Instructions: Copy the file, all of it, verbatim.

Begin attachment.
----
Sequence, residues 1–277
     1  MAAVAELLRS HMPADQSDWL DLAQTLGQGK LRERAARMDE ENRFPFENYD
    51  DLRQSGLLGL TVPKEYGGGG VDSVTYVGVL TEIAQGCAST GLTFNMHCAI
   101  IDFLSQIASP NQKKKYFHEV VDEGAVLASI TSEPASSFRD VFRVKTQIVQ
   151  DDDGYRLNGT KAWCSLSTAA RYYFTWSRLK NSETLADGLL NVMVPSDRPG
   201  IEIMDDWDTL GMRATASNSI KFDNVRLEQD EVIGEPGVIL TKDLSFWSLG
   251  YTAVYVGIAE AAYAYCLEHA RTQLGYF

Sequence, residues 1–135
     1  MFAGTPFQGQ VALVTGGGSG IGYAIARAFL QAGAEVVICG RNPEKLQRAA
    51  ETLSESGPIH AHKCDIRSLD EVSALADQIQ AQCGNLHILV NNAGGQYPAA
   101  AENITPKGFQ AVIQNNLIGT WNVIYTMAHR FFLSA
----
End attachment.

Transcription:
Sequence, residues 1–277
     1  MAAVAELLRS HMPADQSDWL DLAQTLGQGK LRERAARMDE ENRFPFENYD
    51  DLRQSGLLGL TVPKEYGGGG VDSVTYVGVL TEIAQGCAST GLTFNMHCAI
   101  IDFLSQIASP NQKKKYFHEV VDEGAVLASI TSEPASSFRD VFRVKTQIVQ
   151  DDDGYRLNGT KAWCSLSTAA RYYFTWSRLK NSETLADGLL NVMVPSDRPG
   201  IEIMDDWDTL GMRATASNSI KFDNVRLEQD EVIGEPGVIL TKDLSFWSLG
   251  YTAVYVGIAE AAYAYCLEHA RTQLGYF

Sequence, residues 1–135
     1  MFAGTPFQGQ VALVTGGGSG IGYAIARAFL QAGAEVVICG RNPEKLQRAA
    51  ETLSESGPIH AHKCDIRSLD EVSALADQIQ AQCGNLHILV NNAGGQYPAA
   101  AENITPKGFQ AVIQNNLIGT WNVIYTMAHR FFLSA